I have worked with individuals in the past who were very concerned about the medical bills that were showing up to their house. They were working through a major health concern and the charges from the hospital, doctor and prescriptions seemed too large to handle. I have often asked “but what is your maximum out-of-pocket?”. In some cases, people have not understood what that meant or why they should care – and that they will not be responsible for all those costs! This article discusses 5 key terms in a health insurance policy that will hopefully help provide insight for those who want to learn more.
First of all, it is important to understand that the primary role of health insurance is to help cover medical costs for individuals when catastrophe strikes. Health insurance is not typically intended to cover every visit to the doctor or every prescription. However, when major medical events happen in life, we should hopefully be able to rely on health insurance to manage the financial shock. There are 5 important terms related to health insurance that may help individuals understand when insurance begins to help and how much it will help.
- Premium – This is the amount an individual pays to have health insurance in the first place. It is not expected to be the end of medical costs for an individual; but is just the starting point to have the contract.
- Deductible – This is an amount of money an individual must pay BEFORE the insurance company begins to pay anything. For example, if a health insurance policy has a $500 deductible, then an individual will need to pay the first $500 of medical bills. After the first $500 is paid, then the insurance company will also begin paying.
- Co-insurance – This is the rate at which an insurance company will share medical costs with an individual after the deductible is paid. A common co-insurance rate is 80/20. This means that after an individual has paid their deductible, the insurance company will begin paying 80% of the bill – but the individual is still responsible for 20% of the bill. For example, if someone had a $2,000 medical expense and a $500 deductible they would pay the first $500 before the insurance steps in. That means there is $1,500 remaining to be paid. This amount would be split 80/20. The insurance company would pay $1,200 (which is 80%) and the individual would pay $300 (which is the remaining 20%).
- Out-of-Pocket Maximum – This is the most money an individual should have to pay for medical expenses in a calendar year. Even though most insurance policies have a co-insurance rate, where the company and individual are sharing the costs, the sharing of costs ends once an individual pays their maximum out of pocket. For example, an individual with a $2,600 out-of-pocket maximum would pay their deductible and then be splitting the remaining bill at their co-insurance rate until they have paid a total of $2,600. This $2,600 includes the deductible and all other payments made during the year (but not the premium).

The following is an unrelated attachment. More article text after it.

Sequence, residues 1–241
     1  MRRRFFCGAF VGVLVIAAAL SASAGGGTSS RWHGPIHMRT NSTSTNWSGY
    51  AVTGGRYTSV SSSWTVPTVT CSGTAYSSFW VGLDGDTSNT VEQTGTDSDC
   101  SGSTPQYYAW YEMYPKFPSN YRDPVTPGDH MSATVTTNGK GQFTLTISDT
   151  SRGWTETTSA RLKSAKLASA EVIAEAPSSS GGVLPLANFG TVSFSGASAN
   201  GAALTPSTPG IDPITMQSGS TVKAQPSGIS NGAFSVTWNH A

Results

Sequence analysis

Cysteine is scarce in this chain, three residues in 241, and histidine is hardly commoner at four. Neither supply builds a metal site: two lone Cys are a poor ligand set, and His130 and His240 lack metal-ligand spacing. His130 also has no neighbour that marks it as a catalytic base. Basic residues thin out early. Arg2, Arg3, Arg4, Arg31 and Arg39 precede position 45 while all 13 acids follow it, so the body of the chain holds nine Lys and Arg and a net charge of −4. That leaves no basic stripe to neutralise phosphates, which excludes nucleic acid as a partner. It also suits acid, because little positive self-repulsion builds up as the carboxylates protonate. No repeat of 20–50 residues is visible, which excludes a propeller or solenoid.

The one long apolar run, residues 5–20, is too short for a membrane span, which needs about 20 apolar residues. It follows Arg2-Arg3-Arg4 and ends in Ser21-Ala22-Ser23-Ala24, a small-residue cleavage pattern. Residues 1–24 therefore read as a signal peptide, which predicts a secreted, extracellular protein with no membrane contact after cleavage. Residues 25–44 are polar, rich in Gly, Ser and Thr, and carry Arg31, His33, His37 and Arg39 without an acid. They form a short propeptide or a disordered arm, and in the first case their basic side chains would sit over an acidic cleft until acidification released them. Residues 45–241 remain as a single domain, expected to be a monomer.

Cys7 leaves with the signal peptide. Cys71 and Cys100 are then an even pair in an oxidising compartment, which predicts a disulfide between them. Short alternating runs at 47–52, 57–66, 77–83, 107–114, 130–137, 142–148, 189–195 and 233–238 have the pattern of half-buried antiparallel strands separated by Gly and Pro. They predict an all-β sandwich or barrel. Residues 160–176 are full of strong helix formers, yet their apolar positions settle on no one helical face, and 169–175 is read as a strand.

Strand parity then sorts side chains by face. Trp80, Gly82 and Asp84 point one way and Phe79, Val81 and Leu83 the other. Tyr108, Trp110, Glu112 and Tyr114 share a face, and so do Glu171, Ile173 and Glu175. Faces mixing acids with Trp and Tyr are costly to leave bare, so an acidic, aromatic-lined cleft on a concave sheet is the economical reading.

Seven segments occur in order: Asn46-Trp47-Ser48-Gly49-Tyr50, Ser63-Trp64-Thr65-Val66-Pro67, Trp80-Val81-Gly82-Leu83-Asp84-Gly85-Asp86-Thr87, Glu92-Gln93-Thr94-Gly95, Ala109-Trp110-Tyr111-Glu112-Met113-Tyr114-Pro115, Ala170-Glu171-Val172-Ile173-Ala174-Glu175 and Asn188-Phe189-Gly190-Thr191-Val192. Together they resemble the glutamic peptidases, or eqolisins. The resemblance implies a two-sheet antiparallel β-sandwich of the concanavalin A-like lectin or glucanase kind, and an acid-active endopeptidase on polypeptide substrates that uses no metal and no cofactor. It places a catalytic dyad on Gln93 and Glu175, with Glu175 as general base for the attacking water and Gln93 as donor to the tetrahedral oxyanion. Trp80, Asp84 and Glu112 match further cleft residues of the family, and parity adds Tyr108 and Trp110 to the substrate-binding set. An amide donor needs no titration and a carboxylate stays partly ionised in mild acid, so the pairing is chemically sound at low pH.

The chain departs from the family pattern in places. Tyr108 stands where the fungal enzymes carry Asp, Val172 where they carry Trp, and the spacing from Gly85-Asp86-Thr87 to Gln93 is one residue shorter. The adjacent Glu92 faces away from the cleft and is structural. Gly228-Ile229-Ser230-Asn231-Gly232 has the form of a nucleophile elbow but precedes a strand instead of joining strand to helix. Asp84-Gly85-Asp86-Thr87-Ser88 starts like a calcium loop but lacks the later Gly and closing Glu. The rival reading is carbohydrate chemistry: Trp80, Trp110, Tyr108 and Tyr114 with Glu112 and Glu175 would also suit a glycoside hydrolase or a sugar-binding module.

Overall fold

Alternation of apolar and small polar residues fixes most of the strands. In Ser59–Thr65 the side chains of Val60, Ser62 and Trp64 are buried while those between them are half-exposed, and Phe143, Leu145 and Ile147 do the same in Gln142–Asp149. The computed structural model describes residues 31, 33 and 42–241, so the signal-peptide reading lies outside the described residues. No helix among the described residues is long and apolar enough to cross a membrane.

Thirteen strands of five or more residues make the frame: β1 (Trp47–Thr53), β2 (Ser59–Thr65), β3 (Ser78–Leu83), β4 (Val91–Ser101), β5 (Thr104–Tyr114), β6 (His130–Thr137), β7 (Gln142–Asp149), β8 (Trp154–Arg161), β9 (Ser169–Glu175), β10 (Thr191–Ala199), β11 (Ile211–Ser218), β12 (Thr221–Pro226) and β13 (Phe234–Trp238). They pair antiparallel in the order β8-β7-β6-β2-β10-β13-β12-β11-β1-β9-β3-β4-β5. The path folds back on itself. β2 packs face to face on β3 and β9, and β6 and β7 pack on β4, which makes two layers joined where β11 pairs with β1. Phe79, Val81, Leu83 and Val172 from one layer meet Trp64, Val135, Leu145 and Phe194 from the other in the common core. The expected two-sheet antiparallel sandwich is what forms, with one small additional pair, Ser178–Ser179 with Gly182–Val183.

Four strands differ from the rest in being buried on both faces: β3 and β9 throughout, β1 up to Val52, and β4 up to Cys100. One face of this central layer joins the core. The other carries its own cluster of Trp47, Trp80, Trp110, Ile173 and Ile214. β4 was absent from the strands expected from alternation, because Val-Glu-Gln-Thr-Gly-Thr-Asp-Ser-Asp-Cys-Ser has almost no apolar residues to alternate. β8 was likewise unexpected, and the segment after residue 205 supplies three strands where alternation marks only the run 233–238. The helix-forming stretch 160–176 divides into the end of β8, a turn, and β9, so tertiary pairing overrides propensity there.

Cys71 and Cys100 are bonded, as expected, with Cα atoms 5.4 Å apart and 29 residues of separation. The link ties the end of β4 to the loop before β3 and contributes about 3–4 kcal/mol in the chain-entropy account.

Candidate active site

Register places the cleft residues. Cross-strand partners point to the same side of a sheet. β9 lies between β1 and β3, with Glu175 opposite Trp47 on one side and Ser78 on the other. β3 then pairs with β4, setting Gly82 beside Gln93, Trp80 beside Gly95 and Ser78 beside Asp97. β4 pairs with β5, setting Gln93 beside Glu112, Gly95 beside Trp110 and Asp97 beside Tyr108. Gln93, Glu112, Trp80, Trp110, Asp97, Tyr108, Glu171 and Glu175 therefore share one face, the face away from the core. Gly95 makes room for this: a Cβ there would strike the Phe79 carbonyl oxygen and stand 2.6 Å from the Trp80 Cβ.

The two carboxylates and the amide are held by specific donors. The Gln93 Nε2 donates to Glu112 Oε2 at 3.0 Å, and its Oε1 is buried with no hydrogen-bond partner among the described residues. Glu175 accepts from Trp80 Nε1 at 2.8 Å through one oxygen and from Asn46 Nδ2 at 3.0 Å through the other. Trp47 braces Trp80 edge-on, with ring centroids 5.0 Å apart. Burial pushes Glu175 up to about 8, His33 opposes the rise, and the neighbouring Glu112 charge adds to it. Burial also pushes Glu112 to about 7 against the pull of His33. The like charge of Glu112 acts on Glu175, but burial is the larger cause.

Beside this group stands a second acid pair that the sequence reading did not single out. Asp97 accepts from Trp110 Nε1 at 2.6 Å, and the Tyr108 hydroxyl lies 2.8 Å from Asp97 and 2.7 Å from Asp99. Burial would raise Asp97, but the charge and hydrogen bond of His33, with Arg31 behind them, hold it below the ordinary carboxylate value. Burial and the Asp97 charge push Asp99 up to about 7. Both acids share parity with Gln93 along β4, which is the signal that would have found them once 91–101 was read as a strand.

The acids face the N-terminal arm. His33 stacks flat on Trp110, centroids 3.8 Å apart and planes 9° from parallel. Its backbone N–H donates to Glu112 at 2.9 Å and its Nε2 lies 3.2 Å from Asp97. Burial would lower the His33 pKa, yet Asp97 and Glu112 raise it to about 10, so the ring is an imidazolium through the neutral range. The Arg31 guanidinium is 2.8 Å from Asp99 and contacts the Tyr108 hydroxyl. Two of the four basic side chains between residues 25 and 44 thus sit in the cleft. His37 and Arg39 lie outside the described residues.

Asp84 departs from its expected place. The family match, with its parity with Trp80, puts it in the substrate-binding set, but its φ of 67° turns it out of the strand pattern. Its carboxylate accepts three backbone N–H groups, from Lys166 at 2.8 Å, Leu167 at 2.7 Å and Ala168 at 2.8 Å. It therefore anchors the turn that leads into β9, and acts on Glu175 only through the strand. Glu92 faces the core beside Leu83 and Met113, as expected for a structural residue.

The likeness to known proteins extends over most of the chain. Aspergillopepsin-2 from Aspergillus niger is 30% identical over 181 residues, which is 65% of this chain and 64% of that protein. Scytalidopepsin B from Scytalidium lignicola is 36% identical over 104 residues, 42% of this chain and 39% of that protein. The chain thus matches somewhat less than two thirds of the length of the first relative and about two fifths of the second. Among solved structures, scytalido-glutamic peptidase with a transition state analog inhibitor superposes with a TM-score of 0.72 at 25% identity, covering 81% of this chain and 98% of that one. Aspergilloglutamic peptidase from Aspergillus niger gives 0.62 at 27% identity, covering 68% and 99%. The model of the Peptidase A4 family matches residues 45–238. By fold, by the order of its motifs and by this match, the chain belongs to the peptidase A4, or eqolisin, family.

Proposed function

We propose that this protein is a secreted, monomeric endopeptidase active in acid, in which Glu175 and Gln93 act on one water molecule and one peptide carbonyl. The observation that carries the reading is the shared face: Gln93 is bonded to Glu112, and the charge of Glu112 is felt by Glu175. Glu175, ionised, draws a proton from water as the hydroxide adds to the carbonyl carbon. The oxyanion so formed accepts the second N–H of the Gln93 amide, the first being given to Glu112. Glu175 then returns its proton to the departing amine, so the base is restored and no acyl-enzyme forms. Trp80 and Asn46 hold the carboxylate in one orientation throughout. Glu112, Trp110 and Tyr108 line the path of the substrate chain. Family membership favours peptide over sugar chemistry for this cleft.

- Co-pay – This is an amount that individuals pay as their individual portion for medical goods or services. For example, if an insurance policy says there is a $25 co-pay when seeing a primary care provider, then the individual must pay $25 when they go to see their personal doctor. The actual cost of that visit may be $100-$200, but the insurance company covers everything above $25. The co-pay can be higher when individuals see a medical specialist. Also, prescriptions often have their own co-pay. Lastly, it is important to know that most health insurance policies have no co-pay when an individual is receiving vaccines, preventative screening, or attending their annual physical. That means most of these services are at no cost to the individual.
There is no doubt that the cost of health insurance and health care is high. However, it is important to realize that these policies do provide protection for times in life when individuals may be the most vulnerable. Individuals are encouraged to review their own health insurance policies, identify these amounts that apply to them, and understand the coverage they have. It will also be important to know that not every health insurance policy is the same, so it will be important to know the specific rules and coverages that apply to you.